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Morgan Stanley’s results confirm that trading is now a dull job, soon to be poorly paid

Goldman Sachs didn’t have a great third quarter. Nor did Morgan Stanley’s investment bank. In the three months from the end of June, fixed income trading revenues at Morgan Stanley fell 43% year-on-year, M&A revenues fell 17%, and equities underwriting revenues (a hotspot for Goldman Sachs) fell 28%. Only Morgan Stanley’s equities traders and debt capital markets (DCM) bankers have been having fun – revenues in these businesses rose 12% and 28% respectively. Hooray. Or not.

If you’re a trader, Morgan Stanley’s results don’t bode well. Trading has become a more boring occupation at Morgan Stanley.  Like Goldman Sachs, the bank is becoming increasingly risk averse, especially when it comes to credit and rates. In the past quarter, Value at Risk (VaR)in Morgan Stanley’s trading business fell 17% versus the same period of 2012. In its rates and credit trading businesses, VaR fell 30%. Morgan Stanley’s traders are being asked to rein in their animal spirits, heavily.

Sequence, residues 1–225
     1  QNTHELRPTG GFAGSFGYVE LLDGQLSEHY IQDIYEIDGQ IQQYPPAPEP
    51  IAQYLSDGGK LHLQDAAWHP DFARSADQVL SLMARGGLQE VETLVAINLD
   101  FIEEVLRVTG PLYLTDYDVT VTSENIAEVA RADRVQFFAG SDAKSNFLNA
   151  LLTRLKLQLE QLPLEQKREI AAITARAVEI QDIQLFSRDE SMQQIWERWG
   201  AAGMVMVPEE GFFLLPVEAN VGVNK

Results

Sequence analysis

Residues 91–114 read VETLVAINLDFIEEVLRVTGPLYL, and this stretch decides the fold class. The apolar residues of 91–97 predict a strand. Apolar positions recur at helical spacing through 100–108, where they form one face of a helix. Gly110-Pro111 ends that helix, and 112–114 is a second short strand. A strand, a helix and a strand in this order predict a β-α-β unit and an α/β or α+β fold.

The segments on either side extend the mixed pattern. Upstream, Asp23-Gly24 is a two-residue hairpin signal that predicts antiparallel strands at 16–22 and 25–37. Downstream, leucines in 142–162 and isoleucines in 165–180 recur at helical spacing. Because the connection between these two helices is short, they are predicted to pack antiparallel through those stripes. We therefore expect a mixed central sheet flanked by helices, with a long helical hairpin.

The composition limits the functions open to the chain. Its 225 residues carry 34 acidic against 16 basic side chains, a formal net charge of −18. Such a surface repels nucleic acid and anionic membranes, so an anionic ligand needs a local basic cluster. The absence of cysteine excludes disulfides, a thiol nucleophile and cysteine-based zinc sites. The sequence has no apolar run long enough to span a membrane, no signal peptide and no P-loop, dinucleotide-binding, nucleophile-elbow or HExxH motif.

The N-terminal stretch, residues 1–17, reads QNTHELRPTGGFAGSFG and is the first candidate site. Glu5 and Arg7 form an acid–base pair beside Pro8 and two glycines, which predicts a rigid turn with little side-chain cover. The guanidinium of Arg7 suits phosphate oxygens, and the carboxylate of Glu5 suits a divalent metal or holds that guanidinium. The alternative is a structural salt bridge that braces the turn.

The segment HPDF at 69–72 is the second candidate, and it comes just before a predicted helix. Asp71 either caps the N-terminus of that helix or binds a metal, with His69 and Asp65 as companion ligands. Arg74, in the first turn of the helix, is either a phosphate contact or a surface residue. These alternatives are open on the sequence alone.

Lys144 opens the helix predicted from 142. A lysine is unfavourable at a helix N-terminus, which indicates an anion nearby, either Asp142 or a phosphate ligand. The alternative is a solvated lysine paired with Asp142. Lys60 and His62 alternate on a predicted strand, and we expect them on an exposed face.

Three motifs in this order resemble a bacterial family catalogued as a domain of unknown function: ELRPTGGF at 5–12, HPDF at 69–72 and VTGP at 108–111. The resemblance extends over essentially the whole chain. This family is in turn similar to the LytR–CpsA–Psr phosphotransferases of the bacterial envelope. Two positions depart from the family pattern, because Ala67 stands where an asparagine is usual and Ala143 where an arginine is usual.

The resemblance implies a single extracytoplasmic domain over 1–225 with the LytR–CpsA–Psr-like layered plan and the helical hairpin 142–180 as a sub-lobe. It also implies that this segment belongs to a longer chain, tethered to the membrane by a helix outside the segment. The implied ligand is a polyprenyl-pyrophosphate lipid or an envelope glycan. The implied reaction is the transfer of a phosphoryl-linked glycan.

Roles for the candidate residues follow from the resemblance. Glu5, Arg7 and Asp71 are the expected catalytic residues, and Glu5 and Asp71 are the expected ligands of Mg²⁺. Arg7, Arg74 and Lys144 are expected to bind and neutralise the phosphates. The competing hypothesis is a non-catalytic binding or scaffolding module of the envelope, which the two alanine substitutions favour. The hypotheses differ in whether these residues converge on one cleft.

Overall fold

Nor is Morgan Stanley’s strong equities performance necessarily great news if you want an equities trading job. Last month, James Gorman said equities trading is returning to a pure agency model where banks simply match up buyers and sellers and take no risk of their own. In Gorman’s world, equities salespeople have all the power; traders are mere automatons.

If you’re a trader who wants to take risk and play with a generous balance sheet, Morgan Stanley doesn’t look like the place to be. 67% of Morgan Stanley’s average tier 1 common capital was allocated to its investment bank in the last quarter. The investment bank rewarded shareholders by generating a return of just 4%, down from 7% in the preceding quarter. Either Morgan Stanley will have to withdraw capital from the investment bank or it will have to increase returns without increasing risk-taking. The most obvious way of doing so will be to cut pay.

For the moment, Morgan Stanley has resisted the pay-slashing option. Unlike Goldman Sachs, which cut accrued compensation by 35% in the past quarter, Morgan Stanley reduced pay in its securities unit by a mere 8%. Expect deeper cuts to come.

 

 

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